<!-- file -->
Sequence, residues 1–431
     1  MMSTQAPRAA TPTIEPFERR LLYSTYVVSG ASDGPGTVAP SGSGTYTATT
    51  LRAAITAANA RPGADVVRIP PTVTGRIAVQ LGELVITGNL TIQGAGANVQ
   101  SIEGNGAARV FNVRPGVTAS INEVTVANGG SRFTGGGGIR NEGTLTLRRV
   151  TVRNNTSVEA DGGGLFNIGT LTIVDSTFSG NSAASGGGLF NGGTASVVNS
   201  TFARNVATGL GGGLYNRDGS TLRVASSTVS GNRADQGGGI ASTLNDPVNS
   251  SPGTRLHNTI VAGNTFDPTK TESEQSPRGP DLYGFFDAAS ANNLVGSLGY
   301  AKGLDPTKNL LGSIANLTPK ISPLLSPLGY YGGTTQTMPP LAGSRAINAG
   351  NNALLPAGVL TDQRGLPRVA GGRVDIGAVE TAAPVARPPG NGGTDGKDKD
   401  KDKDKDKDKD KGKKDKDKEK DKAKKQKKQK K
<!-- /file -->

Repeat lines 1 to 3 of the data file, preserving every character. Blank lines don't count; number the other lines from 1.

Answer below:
Sequence, residues 1–431
     1  MMSTQAPRAA TPTIEPFERR LLYSTYVVSG ASDGPGTVAP SGSGTYTATT
    51  LRAAITAANA RPGADVVRIP PTVTGRIAVQ LGELVITGNL TIQGAGANVQ